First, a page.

Dr. Tim Flanigan speaks of his motivation and the training he’s giving in Africa
Dr. Timothy Flanigan is an infectious disease specialist at Brown University and a deacon at St. Christopher and St. Theresa parishes in Tiverton, Rhode Island. “Dr. Tim,” as he is called, took a leave of absence to work for two months with Caritas Internationalis, helping to train Liberian medical staff in the capital city of Monrovia in infection control and safe practices.
Dr. Flanigan’s commitment to helping the underserved has its roots in childhood. He was raised in a devout Catholic family, and one of his siblings is a religious sister. While studying in the undergraduate program at Dartmouth, he and friends from Aquinas House, Dartmouth’s Catholic student center, drove to The Bronx to meet Mother Teresa. Flanigan was greatly influenced by the saintly nun’s generosity and courage. She is his hero, he said, and his oldest daughter is named after her.
Dr. Flanigan’s medical career has been characterized by concern for people in need. At Brown Medical School, he helped to establish a network of primary care for HIV-infected individuals, focusing on women, substance abusers, and individuals leaving prison. His investigative work developing a combined therapy for opiate addiction and HIV has been recognized by the Robert Wood Johnson Foundation. At Salve Regina University, he received an honorary degree for his support of educational opportunities for children of incarcerated parents.
Now in Monrovia, Dr. Tim faces a new challenge: How to protect health care workers and stop the spread of Ebola in a nation in which the deadly disease has already claimed thousands of lives. Hand-washing stations, protective apparel and safe treatment protocols are all important in controlling the outbreak.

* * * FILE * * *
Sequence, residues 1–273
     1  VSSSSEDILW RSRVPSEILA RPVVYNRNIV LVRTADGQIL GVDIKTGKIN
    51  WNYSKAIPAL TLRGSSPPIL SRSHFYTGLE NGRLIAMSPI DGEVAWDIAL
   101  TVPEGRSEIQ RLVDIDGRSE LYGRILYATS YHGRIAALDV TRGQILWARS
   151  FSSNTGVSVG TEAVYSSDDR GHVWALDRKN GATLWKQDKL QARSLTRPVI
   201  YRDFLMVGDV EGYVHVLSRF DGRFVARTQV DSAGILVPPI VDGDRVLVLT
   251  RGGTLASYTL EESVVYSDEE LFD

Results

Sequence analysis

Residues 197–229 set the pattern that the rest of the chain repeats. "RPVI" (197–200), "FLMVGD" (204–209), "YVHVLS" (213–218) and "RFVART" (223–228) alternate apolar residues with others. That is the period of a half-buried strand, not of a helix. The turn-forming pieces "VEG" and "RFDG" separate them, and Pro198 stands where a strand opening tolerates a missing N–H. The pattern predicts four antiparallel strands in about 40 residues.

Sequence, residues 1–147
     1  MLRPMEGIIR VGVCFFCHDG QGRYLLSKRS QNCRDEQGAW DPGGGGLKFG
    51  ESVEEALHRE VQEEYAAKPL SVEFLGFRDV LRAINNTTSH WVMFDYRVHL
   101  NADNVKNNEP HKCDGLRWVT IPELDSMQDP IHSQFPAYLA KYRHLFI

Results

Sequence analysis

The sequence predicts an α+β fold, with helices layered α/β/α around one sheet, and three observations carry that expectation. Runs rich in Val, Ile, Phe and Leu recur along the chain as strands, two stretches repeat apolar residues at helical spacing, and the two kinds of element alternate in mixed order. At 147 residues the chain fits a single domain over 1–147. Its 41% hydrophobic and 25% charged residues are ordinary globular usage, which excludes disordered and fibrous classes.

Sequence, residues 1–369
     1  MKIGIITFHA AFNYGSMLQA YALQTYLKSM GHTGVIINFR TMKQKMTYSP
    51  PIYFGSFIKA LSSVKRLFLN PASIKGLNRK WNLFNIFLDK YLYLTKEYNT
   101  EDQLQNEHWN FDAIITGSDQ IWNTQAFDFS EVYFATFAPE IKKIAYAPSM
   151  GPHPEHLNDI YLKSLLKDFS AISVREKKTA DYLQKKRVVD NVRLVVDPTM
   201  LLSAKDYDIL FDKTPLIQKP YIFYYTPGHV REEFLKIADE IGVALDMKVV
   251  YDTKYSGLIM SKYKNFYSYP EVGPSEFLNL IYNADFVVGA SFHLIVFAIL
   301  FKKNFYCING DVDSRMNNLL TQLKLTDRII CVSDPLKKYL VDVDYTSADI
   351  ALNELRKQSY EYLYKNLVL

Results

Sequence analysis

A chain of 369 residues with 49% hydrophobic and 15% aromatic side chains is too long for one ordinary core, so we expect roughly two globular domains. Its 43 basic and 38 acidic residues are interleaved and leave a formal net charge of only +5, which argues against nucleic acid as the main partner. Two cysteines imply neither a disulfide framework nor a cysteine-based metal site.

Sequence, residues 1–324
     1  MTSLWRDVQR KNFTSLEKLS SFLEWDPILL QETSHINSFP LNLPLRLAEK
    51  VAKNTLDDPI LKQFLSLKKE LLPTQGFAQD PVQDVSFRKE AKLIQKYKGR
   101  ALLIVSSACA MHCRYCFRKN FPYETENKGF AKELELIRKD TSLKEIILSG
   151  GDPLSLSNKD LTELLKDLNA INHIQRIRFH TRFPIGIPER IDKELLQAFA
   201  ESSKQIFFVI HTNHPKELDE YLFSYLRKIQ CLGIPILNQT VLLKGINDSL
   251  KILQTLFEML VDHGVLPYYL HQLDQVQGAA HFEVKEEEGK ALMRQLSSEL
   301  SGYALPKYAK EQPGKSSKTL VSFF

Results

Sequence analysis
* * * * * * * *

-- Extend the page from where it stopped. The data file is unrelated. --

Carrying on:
“One of the hardest things,” Dr. Tim explained, “is to train health care workers to provide ‘no-touch’ care.” The Liberian culture is warm and welcoming, and the typical greeting even between strangers is a hug and double-cheek kiss. For health care workers, the challenge is to show patients that their caregivers really do support and care for them, but to show them without actually touching. Among Liberians who fear the spread of disease, the customary greeting is now a proper bow from some distance away.
Tim with Dr Senga, who recovered from Ebola.
I talked with Dr. Flanigan via email earlier this month, asking about his experience on the ground in Monrovia and about his assessment of risk for Americans.
Some pundits have worried that this country may be unprepared to deal with the Ebola crisis on American soil. Dr. Tim, though, had words of praise for the Centers for Disease Control and Prevention (CDC), calling their efforts to screen relevant travelers and their on-line fact sheets and information “top-notch.”
Dr. Tim was optimistic that the disease will be brought under control in Liberia and other west African nations. “There are now more than 4,000 deaths,” he wrote, “but there will be an end to this outbreak.” There has been a tremendous community mobilization to warn the populace about how Ebola is spread, and to prevent further transmission. He noted that while Ebola causes brushfires in the communities in which it appears, many of those fires burn themselves out; so many of the communities that were hardest hit at first are now experiencing few infections.
Controlling infection is still a big challenge. According to Dr. Tim, “This virus is spread by sick individuals whose body fluids can be highly contagious, so family members taking care of their loved ones are at risk, as are health care workers and those dealing with soiled clothes from infected persons and dead bodies.” He downplayed media rumors of individuals having contracted the disease through family pets or wild animals, insisting that dogs
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